AlHuda CIBE FZ LLE “Financial Inclusion Trough Enterprise Development for Poverty Alleviation”
AlHuda CIBE FZ LLE - U.A.E is committed to provide specialized Training, Advisory and Research Services globally with commitment, dedication, and aspiration to establish in the Islamic Banking & Finance industry since 2005.
Keeping the above vision in mind, AlHuda CIBE with its vibrant staff has been working with full dedication since 2005 for strengthening Islamic Financial System.
Brands of AlHuda CIBE include True Banking, Sukuk, and Centre of Excellence in Islamic Microfinance, Halal Research Council, Takaful Consultancy Wing, Islamic Microfinance News, Halal Newspaper and AlHuda Takaful Management System and AlHuda Today News.
AlHuda CIBE focuses to promote Islamic Microfinance worldwide, in order to alleviate poverty and to sustain the economic growth. Because of this principal, the recognition of AlHuda CIBE is increasing leaps & bounds.
The issue of poverty has been a focus of international community. Everybody is talking about poverty reduction and different measures are suggested for this purpose. People living in poverty need rapid access to a diverse range of financial services to run their businesses, build assets, ensure smooth self-consumption, and manage risks. Financial services for poor people have proven to be a powerful instrument for reducing poverty, enabling them to build assets, increase incomes and reduce their vulnerability to economic stress.
Islamic Microfinance has traits to provide a parallel support to the poorest of the poor and its imminent qualities leaves no room for structural devastation as emphasizes ethical, moral & social factors to promote equality and fairness for the good of the society.
During the latest research on Microfinance sector, it is evaluated that Islamic financial system provides the best solutions for Poverty alleviation and Social sustainability, it is not only providing opportunity to utilize a sustainable system but also offers good rate of return & ideal performance compare to conventional microfinance system. Islamic Microfinance is a sub set of Islamic Economics and Financial System.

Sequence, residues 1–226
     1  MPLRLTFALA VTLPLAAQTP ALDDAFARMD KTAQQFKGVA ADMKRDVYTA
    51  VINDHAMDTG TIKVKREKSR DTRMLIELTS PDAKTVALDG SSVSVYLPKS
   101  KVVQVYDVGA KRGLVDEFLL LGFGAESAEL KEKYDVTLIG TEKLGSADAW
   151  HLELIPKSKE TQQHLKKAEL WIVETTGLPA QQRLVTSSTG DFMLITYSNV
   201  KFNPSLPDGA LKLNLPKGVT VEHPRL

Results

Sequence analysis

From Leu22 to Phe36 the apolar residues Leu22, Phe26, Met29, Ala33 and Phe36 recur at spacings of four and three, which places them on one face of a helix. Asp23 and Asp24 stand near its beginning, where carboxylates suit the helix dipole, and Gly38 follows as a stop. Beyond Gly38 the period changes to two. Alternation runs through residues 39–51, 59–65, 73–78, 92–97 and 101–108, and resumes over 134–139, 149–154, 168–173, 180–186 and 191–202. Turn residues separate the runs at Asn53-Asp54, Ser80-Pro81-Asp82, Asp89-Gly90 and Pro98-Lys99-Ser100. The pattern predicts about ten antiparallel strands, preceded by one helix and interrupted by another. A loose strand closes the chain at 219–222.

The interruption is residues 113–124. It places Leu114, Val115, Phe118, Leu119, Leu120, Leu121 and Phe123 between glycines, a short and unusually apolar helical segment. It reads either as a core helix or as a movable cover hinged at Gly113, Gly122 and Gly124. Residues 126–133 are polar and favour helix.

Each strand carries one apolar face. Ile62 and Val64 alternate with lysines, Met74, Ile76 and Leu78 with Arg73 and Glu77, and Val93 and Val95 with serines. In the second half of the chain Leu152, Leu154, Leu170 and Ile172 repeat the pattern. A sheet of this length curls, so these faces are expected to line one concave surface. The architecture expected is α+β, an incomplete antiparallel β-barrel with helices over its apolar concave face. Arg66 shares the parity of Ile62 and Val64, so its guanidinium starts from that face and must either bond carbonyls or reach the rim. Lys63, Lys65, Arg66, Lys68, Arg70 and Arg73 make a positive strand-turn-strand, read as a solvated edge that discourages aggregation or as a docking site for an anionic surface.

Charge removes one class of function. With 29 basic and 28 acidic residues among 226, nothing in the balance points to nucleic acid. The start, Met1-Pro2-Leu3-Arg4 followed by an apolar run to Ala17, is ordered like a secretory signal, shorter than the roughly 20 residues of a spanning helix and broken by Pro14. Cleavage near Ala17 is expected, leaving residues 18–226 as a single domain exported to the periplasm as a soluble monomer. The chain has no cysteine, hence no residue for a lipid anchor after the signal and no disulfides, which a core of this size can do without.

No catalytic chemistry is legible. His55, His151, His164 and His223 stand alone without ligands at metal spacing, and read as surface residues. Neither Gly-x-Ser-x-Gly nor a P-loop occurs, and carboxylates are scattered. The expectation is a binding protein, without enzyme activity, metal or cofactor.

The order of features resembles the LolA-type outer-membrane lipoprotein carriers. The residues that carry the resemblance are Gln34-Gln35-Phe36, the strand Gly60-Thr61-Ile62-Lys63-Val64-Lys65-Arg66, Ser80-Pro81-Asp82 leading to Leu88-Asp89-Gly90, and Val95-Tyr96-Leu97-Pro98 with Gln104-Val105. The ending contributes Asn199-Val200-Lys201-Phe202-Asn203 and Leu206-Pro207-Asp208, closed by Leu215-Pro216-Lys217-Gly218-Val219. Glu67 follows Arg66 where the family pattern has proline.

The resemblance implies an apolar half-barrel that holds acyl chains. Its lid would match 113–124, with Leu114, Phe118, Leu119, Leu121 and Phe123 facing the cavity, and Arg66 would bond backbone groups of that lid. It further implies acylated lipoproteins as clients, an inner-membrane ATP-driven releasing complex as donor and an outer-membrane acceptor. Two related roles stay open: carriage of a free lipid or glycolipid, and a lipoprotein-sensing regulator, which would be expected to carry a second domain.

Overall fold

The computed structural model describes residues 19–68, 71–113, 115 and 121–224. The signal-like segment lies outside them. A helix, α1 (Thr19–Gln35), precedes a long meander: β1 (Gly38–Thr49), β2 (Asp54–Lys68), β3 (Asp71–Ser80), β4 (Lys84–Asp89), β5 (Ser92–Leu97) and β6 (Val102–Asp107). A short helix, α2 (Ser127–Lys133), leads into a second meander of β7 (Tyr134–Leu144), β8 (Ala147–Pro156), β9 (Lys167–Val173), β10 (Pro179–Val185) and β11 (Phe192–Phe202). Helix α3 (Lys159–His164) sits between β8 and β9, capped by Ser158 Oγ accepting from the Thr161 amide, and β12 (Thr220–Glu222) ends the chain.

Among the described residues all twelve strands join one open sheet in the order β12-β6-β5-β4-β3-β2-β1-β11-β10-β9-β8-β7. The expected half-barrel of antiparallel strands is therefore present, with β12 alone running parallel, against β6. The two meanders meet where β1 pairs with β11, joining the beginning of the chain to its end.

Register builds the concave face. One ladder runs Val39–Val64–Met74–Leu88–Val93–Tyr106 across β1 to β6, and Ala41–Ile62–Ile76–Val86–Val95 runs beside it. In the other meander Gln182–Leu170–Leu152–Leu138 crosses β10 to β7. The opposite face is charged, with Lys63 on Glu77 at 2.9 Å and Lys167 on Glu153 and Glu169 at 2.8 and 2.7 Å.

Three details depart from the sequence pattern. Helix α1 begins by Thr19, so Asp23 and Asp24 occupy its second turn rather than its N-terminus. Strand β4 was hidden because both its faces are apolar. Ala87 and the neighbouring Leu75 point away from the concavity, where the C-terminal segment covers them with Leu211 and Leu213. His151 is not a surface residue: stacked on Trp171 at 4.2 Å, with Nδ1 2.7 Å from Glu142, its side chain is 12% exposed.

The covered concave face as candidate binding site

Global ISLAMIC MICROFINANCE FORUM SUMMARY
AlHuda CIBE has been conducting Global Islamic Microfinance Forum from last nine years. This time, AlHuda CIBE will be holding the 10th Global Islamic Microfinance Forum on December 12, 2021 with Two Days Post Event Workshop on Practical Aspects of Islamic Micro and Rural Finance on December 13 -14, 2021 in Dubai, UAE.
AlHuda is encouraging practitioners, microfinance institutions, donor agencies and Government Institutions by building up to acknowledgement of Islamic Microfinance System. It is providing a platform for dialogue between multilateral donor organizations and microfinance Networks to provide up to date knowledge of various aspects of Islamic Microfinance. This will promote Islamic financing for entrepreneurship and SME worldwide.
These are the reasons why these events are conducted internationally so that masses can enjoy its perquisites. State-of-art knowledge about Islamic Microfinance is shared in these forums through sessions, speeches and presentations designed under different tracks focused on active learning within the particular subject, participants can have a global perspective of micro financing.
More than 2,000 participants from around the world, from more than 60 countries participated in this series of conference from last 9 years. A number of industry well-known has participated in the series of conference. Poverty alleviation is an important objective for all nations on earth. Unfortunately, in many countries poor people who are caught in the vicious cycle of abject poverty lack collateral, savings, education and credit necessary to engage in meaningful economics activities. Government policies, facing limited resources and competing ends are often inadequate in providing financial assistance to the poor Conventional financial institution do not offer loans to the destitute often because of high operating costs and those that do, for example the Gramen Bank in Bangladesh, end up charging prohibitively high-interest rates to cover their expenses (UNDP, 2012). The result is that economic growth remains concentrated in few urban areas, and it fails to benefit the poor, especially in rural areas.